The basic problem that needs to be tackled to put the Indian economy on a sustainable high growth rate path is to reverse the current slackening of domestic demand. Unless this is done, no amount of increases in investments will lead to a higher growth rate because what is produced by these investments need to be sold in the market. This requires adequate purchasing power in the hands of the people. It is precisely this purchasing power that is constantly being eroded by the relentless rise in the prices of all essential commodities. Further, recent studies have shown on the basis of the latest data on household expenditures released by the National Sample Survey that in all states of India, the number of people who fall below even the abysmally low definition of poverty by the Planning Commission, is over 60 per cent. This is close to the late Arjun Sengupta’s report which estimated that nearly 77 per cent or over 80 crores of our people survive on less than Rs 20 a day.
Under these conditions, it is the domestic demand that needs to be urgently raised if both our growth rate and the livelihood conditions of our people are to significantly improve. This, in turn, requires greater public investments to build our much-needed infrastructure which, at the same time, would also significantly enlarge employment and increase the purchasing power of our people.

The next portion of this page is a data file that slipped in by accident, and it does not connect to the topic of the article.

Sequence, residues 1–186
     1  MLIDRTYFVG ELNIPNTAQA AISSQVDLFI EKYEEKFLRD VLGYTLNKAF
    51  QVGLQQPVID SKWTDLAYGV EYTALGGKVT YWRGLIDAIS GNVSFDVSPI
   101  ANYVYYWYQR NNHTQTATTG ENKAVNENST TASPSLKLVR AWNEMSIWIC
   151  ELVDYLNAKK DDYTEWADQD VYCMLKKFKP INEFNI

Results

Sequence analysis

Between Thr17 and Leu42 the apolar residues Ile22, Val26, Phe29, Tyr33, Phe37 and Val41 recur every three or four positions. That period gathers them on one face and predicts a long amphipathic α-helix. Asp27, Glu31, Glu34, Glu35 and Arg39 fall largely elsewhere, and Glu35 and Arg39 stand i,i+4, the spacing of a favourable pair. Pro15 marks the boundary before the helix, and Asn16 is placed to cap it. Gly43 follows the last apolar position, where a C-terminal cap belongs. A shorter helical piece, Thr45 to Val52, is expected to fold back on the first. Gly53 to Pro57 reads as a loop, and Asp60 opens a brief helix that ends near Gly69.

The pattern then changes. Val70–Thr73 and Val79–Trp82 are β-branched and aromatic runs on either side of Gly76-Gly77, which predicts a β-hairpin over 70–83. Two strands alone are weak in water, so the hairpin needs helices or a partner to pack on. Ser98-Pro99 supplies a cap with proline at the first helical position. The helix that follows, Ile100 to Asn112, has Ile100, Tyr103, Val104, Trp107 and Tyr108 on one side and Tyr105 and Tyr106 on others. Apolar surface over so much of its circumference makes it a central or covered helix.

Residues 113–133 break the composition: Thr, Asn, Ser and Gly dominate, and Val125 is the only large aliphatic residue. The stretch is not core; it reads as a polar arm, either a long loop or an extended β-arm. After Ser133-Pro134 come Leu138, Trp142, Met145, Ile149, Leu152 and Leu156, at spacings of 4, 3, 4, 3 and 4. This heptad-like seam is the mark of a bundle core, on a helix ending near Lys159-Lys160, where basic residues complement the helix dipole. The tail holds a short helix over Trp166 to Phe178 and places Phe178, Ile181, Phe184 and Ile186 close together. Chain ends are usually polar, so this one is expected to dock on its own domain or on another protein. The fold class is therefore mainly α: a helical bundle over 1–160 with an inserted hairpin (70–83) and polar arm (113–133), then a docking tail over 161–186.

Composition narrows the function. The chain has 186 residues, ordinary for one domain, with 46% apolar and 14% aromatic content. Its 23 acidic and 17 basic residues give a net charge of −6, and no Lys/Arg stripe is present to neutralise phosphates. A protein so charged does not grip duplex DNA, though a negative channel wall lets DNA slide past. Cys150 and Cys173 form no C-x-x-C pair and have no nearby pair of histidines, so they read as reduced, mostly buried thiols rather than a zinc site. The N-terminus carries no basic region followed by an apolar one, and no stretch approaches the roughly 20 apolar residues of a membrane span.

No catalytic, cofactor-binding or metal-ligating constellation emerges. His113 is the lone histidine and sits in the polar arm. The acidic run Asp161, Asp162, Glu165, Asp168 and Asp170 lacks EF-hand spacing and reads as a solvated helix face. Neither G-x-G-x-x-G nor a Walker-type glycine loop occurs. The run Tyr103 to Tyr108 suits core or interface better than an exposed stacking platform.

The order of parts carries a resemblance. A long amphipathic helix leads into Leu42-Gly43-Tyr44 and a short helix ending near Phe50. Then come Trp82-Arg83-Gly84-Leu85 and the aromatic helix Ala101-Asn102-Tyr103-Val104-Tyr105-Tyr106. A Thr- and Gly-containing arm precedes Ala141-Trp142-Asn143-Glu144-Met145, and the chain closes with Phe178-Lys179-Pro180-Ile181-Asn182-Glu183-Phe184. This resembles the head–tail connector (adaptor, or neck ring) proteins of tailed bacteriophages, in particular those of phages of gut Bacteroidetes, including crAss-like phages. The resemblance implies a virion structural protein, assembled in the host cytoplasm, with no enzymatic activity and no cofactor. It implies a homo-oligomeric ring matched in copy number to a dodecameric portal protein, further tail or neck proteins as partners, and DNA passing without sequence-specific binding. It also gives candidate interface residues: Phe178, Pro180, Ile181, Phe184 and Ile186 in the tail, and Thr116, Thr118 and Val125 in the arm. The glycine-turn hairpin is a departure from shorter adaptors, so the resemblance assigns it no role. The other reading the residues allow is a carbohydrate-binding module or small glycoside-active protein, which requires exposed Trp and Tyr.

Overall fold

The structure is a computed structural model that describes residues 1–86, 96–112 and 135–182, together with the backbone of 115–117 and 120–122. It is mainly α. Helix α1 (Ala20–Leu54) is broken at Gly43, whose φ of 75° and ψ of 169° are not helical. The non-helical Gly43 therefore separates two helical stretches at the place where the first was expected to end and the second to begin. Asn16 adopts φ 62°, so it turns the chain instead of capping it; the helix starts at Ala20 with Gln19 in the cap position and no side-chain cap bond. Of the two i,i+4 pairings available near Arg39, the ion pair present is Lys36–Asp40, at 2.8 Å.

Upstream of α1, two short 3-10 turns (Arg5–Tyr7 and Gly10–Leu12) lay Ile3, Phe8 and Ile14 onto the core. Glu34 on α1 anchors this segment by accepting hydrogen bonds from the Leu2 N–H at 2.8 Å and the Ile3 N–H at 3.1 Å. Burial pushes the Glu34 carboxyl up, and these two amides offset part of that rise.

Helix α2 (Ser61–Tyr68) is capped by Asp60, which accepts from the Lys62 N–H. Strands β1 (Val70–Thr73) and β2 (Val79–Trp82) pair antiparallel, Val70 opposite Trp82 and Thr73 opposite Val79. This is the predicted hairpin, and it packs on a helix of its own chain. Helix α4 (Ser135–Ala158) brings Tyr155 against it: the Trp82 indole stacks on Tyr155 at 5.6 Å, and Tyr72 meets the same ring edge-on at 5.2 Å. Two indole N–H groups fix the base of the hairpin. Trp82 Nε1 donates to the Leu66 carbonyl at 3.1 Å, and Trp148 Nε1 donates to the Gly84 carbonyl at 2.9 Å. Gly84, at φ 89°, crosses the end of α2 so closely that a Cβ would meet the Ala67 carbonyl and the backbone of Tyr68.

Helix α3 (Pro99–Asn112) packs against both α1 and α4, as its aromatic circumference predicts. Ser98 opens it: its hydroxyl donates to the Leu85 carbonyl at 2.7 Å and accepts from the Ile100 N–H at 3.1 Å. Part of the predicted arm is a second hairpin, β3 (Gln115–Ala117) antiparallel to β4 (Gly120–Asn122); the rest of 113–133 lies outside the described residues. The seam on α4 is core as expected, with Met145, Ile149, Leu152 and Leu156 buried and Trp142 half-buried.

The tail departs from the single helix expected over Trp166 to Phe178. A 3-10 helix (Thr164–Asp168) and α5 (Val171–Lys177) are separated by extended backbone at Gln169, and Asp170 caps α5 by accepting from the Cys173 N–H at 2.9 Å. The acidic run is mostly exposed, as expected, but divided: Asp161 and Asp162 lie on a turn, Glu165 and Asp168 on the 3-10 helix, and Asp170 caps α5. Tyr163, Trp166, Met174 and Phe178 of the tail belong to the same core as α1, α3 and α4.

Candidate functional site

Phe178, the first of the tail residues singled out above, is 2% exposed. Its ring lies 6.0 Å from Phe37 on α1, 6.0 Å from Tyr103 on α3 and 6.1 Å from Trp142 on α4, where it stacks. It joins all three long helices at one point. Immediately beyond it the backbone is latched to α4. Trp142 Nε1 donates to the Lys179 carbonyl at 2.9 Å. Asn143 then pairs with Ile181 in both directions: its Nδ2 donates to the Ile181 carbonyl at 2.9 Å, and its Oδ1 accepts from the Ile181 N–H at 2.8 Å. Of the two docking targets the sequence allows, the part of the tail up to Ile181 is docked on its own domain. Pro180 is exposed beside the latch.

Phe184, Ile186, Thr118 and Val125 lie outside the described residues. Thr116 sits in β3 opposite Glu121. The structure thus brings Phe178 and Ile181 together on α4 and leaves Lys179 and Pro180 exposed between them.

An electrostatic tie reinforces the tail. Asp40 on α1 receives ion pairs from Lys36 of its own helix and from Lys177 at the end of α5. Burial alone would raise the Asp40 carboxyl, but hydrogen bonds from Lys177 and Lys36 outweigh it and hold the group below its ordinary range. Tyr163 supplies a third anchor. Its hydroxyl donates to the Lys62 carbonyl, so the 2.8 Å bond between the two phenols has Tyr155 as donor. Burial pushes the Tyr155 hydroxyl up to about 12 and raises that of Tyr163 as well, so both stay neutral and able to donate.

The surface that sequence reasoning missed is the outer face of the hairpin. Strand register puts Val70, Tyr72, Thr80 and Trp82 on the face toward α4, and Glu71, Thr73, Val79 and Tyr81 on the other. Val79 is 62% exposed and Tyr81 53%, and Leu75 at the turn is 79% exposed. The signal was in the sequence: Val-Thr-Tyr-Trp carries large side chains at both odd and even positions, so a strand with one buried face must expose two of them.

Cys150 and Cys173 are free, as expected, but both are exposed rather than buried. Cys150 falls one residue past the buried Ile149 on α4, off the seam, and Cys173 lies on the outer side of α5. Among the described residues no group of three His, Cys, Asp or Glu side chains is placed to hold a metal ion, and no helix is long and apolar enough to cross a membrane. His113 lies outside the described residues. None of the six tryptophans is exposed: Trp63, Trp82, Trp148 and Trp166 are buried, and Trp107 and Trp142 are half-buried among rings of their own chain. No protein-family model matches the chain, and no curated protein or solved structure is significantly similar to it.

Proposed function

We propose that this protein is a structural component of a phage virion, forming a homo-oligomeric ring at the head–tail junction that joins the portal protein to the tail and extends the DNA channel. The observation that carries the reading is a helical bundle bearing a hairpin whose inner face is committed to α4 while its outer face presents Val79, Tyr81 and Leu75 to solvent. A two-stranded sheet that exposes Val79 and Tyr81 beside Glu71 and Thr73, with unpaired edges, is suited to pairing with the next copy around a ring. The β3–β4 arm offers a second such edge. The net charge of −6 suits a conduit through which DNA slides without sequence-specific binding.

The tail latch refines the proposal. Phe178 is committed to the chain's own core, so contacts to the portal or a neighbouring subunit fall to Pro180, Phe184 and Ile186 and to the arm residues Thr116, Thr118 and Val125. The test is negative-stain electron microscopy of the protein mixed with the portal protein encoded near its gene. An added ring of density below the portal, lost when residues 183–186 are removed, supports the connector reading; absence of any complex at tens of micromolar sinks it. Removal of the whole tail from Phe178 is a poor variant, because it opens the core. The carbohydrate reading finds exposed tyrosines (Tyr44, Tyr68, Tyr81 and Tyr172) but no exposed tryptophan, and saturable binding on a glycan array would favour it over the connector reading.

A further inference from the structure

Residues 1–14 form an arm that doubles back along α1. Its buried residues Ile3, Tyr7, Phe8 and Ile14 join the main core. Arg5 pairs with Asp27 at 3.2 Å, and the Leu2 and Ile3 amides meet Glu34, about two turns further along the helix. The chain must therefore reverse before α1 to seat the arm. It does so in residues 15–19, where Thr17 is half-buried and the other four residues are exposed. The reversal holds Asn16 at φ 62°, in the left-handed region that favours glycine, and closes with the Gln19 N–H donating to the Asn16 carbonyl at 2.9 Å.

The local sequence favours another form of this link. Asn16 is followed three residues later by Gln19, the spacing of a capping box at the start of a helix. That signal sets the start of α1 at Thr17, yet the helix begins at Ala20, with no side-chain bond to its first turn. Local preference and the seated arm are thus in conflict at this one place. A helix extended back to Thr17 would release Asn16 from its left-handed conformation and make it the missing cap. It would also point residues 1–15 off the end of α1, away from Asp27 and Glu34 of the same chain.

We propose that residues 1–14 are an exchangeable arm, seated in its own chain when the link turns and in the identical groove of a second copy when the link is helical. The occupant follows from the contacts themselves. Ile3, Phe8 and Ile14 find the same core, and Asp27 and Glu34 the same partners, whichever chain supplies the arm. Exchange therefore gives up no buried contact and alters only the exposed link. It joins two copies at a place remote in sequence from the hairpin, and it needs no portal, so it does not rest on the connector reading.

Instead of doing this, this UPA-2 government, pursuing its neo-liberal reforms agenda, is only creating newer and newer avenues for private profit maximisation seeking to increase the investment levels. Unless this approach is abandoned and huge public investments are injected, neither will our growth rate improve nor the livelihood conditions of the vast majority of our people.
As we had repeatedly argued, there is no dearth of resources in the country for higher levels of public investment. Currently, these resources are either looted through mega corruption or are handed over to the private corporate sector and Shining India’s rich through massive tax concessions. If these are plugged and reversed, there is no shortage of resources.
If the PMO is actually worried over the declining growth rate, then it must abandon this neo-liberal trajectory and instead sharply increase public investments. This is the only way that our economy can grow accompanied by a substantial improvement of people’s livelihood.
Ancient wisdom that filters down often helps in understanding contemporary realities. In an ancient Libyan fable, it is told that the eagle when struck by a dart said upon seeing the fashion of the shaft, “not by others hands but by our own feathers, we are now smitten!”
Unlike the Eagle in the Libyan fable, the Indian people cannot allow themselves to be thus smitten by our ruling classes. Popular struggles must be strengthened to pressurise the UPA-2 government to reverse its economic reforms trajectory.
(May 16, 2012)